have gone out into the world,
those who do not acknowledge Jesus Christ
as coming in the flesh...."
(2 Jn 1:7)
Those who met Jesus first met him as a man and gradually became aware of his divine power which lead them to confess him as God's Son. As Christianity spread to the Hellenistic culture, some Greeks began to doubt the true humanity of Christ. The Docetists thought that matter was evil and that God would not take on a physical body. To them, his humanity was an illusion. Individual Docetists, Valentin and Apelles, basing themselves on the following quotations,
"The first man was from the earth, earthly; the second man, from heaven." (I Cor. 15:47)
"'Joseph, son of David, do not be afraid to take Mary your wife into your home. For it is through the Holy Spirit that this child has been conceived in her.'" (Mt. 1:20)
taught that Jesus had descended from heaven to earth in a spirit-form body and had passed through Mary like water through a canal, that is, not partaking of her nature.83
St. Ignatius of Antioch, who was probably a disciple of St. John the Evangelist, became the third Bishop of Antioch in 69 A.D. From his letters which he wrote to the different churches, we become aware that he was opposing this heresy and bent on affirming the humanity of Christ as he wrote to the Smyrnaeans, "He suffered truly, even as also He truly raised up Himself, not, as certain unbelievers maintain, that He only seemed to suffer, ...."
In the letter to the Trallians Ignatius wrote, "Stop your ears, therefore, when any one speaks to you at variance with Jesus Christ, who was descended from David, and was also of Mary; who was truly born, and did eat and drink. He was truly persecuted under Pontius Pilate; He was truly crucified, and died, in the sight of beings in heaven, and on earth, and under the earth. He was also truly raised from the dead, ...."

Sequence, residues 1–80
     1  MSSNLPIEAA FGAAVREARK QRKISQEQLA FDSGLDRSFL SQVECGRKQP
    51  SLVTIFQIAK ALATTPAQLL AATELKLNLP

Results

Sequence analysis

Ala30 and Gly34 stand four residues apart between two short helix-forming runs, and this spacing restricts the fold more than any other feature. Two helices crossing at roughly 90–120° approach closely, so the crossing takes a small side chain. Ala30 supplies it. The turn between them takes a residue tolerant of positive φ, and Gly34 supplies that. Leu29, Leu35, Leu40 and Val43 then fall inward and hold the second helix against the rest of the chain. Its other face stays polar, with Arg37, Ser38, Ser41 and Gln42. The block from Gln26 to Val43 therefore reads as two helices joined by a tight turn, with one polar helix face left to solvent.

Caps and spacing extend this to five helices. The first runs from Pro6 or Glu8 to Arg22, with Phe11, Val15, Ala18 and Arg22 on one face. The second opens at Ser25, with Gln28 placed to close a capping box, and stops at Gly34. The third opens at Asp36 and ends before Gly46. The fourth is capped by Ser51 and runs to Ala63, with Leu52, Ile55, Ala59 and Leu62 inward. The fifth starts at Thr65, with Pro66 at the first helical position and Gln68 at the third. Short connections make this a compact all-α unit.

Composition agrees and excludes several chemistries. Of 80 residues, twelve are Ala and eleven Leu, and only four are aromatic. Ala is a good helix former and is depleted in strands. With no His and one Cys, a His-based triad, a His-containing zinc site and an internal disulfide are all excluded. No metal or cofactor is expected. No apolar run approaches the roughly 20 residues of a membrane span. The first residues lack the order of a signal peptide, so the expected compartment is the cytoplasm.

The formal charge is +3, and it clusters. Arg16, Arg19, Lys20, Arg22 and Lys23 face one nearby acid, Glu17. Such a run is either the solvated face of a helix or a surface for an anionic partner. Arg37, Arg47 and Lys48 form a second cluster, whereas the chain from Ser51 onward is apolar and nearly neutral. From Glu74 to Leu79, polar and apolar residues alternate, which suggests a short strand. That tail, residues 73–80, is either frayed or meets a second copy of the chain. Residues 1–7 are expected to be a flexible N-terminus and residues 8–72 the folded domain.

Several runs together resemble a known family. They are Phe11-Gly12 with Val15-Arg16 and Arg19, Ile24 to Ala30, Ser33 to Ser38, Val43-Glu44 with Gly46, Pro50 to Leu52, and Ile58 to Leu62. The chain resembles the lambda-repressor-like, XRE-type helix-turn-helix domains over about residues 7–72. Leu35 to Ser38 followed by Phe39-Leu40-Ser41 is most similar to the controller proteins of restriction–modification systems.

Apollinaris of Laodicea (310-90) proposed the theory that Christ did not assume a complete human nature. He divided human nature into body, animal soul and spiritual soul (intelligence and free will). To his way of thinking the mind was the seat of personality, but since in Christ there was only a divine person, he could not have assumed the spiritual soul which would constitute a human person. The mistake he made was to equate person with nature. (Webpage: Newman Reader - Heresy of Apollinaris, No. 1:8)
Scripture affirms the full humanity of Christ. During the agony in the Garden Jesus prayed, "Father, if you are willing, take this cup away from me; still, not my will but yours be done." Here the will of the Father is the same as the will of the divine Son, but here he refers to "my will", that is, the will of his human nature which would have preferred not to suffer.
In today's culture we readily accept the humanity of Christ but we have a tendency to bring it down to the level of our fallen nature. Christ was true man, that is, man with pristine nature free from Sin.
Son of God